- The Washington Times - Saturday, September 30, 2006

Two Rhode Island lesbians can legally “marry” in Massachusetts because their home state doesn’t have any laws or court rulings that prohibit such unions, Massachusetts Superior Court Judge Thomas Connolly ruled yesterday.

Homosexual rights advocates quickly interpreted the ruling to mean that homosexual couples in two states can now “marry” in Massachusetts.

The “wall of discrimination has been removed at the border of Massachusetts and Rhode Island,” said Lee Swislow, executive director of Gay & Lesbian Advocates & Defenders, which represented plaintiffs Wendy Becker and Mary Norton, of Providence, R.I.

“With this ruling, Rhode Island couples can now marry in Massachusetts,” said Marc Solomon, campaign director of MassEquality.

Massachusetts Attorney General Thomas Reilly said he would not “appeal or seek a stay” of Judge Connolly’s ruling because it was “a waste of time and resources.” He added that Rhode Island can address the ruling “as it sees fit.”

Rhode Island officials said yesterday their state was unaffected by the ruling.

“At the end of the day, it will be Rhode Island state officials and the Rhode Island state court system who will decide the meaning of Rhode Island laws on marriage. We will not cede that responsibility to a court in another state,” said Jeff Neal, spokesman for Gov. Donald L. Carcieri, a Republican.

No same-sex “marriage” case is pending in Rhode Island, he added. “So, at this stage, it’s not clear that this Massachusetts court decision has any real impact for the state of Rhode Island.”

The ruling “does not authorize same-sex marriages in Rhode Island and it does not mean that Rhode Island will recognize a same-sex marriage performed in Massachusetts,” Rhode Island Attorney General Patrick Lynch said.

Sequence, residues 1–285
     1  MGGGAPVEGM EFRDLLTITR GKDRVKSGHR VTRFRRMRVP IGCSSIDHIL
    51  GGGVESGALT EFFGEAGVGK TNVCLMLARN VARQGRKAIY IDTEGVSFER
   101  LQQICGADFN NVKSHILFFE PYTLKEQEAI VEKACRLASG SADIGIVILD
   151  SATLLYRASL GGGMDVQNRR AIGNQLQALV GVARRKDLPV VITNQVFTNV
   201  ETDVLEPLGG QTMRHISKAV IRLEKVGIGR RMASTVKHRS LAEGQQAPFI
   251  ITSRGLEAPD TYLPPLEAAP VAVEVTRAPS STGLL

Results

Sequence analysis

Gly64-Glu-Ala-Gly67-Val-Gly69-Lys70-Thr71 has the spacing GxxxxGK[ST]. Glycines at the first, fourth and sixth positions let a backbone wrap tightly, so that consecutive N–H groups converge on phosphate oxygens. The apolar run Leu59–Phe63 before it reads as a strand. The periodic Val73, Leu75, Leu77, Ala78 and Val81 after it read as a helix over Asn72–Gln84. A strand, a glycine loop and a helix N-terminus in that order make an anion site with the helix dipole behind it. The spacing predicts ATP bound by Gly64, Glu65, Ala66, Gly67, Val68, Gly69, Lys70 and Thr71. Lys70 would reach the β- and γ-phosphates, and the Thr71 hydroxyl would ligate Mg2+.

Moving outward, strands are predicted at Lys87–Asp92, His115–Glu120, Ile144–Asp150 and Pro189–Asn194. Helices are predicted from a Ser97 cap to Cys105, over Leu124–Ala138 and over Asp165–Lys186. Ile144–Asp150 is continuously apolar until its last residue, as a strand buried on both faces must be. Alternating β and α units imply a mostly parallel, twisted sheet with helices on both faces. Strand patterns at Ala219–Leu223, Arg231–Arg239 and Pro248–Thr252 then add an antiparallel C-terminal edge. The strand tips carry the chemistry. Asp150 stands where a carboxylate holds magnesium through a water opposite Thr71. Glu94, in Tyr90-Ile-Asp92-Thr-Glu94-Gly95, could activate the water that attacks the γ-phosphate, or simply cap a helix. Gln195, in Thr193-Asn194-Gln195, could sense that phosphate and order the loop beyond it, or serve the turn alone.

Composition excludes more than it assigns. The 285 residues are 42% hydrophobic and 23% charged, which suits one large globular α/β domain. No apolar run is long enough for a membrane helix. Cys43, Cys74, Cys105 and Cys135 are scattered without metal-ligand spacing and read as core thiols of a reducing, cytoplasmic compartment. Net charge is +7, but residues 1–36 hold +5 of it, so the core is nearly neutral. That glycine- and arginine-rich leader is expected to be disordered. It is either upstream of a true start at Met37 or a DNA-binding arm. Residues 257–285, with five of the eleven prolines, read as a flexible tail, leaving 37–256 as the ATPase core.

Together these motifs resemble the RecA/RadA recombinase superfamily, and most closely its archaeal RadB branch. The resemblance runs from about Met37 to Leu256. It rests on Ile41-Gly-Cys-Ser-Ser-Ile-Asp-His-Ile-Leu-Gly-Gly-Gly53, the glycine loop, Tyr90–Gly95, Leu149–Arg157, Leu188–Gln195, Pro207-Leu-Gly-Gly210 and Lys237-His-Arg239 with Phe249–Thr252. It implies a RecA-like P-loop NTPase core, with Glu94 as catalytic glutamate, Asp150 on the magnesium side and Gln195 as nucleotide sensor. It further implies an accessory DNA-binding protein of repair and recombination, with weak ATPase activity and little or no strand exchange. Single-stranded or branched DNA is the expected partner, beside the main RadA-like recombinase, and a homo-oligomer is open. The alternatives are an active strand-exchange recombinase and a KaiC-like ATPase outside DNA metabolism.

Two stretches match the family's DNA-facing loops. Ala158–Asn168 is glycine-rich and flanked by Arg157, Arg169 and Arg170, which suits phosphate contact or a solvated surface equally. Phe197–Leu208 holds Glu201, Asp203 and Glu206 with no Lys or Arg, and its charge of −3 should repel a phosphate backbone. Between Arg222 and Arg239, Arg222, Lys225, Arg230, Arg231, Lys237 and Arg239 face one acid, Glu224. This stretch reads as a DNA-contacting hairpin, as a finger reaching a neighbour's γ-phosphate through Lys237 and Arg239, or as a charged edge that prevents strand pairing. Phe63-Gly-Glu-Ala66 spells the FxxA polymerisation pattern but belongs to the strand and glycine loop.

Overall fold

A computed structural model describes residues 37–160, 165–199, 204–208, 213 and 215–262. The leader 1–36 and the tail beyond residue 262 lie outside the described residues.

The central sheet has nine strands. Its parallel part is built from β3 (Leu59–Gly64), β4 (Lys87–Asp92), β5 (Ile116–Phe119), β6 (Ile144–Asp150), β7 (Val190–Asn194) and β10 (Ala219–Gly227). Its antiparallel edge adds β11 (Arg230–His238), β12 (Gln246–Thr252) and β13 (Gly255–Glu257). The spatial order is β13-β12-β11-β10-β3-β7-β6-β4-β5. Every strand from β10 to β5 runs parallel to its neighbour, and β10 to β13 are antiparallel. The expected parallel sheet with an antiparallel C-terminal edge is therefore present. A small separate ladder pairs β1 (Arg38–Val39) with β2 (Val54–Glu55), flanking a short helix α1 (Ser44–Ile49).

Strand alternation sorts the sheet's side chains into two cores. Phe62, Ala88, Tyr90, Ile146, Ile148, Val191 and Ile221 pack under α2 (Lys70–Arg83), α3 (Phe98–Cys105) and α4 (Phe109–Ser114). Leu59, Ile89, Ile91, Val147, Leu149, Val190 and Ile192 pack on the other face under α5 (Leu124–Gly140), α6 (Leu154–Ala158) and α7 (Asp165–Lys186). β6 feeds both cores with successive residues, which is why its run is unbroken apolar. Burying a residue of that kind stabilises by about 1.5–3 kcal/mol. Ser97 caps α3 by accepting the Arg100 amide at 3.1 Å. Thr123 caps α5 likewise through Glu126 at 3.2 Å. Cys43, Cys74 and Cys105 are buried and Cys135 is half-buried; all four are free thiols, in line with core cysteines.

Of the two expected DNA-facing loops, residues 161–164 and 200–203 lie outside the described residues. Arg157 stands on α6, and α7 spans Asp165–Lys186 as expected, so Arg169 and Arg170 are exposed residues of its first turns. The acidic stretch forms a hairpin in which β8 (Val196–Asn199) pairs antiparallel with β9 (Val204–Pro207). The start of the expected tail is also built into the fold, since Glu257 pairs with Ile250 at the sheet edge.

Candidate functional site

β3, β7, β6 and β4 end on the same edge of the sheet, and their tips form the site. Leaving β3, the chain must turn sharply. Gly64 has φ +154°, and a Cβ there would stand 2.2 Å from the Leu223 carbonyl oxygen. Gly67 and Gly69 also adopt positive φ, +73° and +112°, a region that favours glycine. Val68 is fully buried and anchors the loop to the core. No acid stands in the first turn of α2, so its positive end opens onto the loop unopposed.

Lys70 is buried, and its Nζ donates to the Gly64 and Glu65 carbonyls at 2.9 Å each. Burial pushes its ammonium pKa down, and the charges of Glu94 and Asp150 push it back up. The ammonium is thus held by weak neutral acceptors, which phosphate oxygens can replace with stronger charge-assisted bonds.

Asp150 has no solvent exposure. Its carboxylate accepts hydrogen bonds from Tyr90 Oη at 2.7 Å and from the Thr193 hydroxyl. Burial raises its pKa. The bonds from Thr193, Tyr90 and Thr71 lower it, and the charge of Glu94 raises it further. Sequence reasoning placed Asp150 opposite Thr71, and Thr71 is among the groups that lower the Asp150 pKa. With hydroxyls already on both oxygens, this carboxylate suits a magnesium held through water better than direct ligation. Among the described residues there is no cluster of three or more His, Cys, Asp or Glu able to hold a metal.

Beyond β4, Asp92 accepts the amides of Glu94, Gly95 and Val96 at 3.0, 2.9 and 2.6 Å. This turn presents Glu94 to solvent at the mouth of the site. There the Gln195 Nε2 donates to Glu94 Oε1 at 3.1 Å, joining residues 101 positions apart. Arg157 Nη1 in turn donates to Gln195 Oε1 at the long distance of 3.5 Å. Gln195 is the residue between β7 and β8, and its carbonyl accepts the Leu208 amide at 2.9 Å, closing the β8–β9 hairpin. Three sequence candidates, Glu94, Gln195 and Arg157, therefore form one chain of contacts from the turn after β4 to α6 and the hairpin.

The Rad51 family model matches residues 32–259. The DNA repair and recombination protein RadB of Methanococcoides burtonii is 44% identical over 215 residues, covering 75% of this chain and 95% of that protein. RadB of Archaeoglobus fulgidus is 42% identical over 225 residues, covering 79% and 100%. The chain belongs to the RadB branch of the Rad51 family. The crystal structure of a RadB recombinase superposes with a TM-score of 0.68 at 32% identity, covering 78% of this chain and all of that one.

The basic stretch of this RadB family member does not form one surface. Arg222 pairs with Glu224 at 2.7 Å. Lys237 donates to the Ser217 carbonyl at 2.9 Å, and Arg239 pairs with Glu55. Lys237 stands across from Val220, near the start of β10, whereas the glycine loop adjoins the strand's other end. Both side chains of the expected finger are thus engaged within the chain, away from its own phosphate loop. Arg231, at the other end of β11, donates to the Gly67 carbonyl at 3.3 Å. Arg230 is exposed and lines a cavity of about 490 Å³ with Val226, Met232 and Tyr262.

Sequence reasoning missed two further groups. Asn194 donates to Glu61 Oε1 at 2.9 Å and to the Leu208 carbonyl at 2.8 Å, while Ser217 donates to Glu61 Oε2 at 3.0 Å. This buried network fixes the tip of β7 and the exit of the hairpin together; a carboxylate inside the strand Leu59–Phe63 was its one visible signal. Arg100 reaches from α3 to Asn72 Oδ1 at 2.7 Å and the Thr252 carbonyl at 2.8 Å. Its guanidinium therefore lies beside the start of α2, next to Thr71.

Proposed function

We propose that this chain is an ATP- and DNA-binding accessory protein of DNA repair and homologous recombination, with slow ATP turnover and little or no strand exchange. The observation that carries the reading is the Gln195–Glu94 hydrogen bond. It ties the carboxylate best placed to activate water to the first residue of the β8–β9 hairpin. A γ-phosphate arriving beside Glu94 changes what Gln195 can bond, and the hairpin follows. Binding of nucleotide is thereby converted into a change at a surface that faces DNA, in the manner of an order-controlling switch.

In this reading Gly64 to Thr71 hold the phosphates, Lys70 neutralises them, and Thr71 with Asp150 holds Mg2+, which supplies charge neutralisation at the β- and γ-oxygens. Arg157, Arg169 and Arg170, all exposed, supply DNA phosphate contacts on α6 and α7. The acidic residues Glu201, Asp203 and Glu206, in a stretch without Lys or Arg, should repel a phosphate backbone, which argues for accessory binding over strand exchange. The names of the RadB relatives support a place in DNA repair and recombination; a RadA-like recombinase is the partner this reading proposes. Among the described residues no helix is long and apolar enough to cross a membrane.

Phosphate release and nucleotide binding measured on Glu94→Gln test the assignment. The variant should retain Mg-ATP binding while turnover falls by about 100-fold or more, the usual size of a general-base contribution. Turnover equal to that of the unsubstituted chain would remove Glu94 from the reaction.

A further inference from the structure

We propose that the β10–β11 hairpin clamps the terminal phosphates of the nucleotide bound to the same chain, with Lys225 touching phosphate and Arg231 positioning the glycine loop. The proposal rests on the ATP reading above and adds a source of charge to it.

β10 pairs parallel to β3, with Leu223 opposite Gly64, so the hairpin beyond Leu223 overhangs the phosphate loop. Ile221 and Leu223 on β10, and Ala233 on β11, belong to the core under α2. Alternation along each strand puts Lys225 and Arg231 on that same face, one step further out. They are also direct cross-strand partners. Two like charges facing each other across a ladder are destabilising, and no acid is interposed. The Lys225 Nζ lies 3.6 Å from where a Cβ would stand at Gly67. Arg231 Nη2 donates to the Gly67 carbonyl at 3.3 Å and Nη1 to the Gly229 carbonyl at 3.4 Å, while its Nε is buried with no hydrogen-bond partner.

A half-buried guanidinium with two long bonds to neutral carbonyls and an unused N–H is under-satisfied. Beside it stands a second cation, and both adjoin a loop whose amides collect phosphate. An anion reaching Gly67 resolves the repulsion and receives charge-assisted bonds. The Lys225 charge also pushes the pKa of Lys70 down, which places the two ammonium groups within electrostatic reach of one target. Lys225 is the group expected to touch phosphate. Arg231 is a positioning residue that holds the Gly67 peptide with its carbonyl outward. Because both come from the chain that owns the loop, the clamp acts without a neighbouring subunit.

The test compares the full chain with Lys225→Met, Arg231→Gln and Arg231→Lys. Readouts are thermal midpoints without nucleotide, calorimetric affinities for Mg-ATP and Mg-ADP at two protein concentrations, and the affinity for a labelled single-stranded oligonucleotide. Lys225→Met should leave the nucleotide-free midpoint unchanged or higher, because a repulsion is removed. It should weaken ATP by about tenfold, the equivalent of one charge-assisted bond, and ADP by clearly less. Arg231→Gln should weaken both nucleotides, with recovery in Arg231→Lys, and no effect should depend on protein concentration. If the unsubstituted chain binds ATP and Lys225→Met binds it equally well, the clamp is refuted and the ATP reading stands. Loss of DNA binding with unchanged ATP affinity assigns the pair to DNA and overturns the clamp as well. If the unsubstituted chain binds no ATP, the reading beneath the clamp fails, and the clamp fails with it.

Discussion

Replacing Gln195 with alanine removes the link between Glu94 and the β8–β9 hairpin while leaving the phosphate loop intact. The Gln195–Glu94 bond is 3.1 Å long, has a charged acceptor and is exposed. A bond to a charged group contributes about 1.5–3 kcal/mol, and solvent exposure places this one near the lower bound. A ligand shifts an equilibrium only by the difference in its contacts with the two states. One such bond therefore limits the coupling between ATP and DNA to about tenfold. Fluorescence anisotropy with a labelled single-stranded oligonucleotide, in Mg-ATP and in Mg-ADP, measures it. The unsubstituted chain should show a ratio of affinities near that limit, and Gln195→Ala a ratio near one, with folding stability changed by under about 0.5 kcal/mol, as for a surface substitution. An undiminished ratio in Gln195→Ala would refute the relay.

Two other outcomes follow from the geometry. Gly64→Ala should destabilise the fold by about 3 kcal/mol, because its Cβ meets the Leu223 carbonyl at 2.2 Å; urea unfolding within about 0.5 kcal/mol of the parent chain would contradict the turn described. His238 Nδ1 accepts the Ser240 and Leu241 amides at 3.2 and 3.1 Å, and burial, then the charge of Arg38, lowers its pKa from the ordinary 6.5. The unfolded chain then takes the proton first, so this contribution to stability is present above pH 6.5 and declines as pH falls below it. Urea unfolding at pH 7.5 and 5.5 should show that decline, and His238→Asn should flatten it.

For an outside court “to say that our constitution and our laws allow [same-sex ‘marriage’] is indeed usurping our own state constitution and inflicting their will upon us,” said Raymond T. McKay, president of the Rhode Island Republican Assembly, a political action committee. “That is just incorrect and wrong to do.”

In 2004, Miss Becker and Miss Norton tried to “marry” in Massachusetts but were told they couldn’t because a 1913 Massachusetts law forbids issuing marriage licenses to out-of-state couples if they cannot marry in their home states.

The women and other couples filed a lawsuit to overturn the 1913 law. In March, the Massachusetts Supreme Judicial Court upheld the law, but instructed the lower court to verify whether homosexual plaintiffs from New York and Rhode Island were, in fact, prohibited from “marrying” in their home states.

Judge Connolly said the New York Court of Appeals clarified the issue when it ruled in July that it was constitutional to limit marriage to opposite-sex couples, but Rhode Island lacked court rulings and laws. Thus, “same-sex marriage is prohibited in New York and is not prohibited in Rhode Island,” he wrote.

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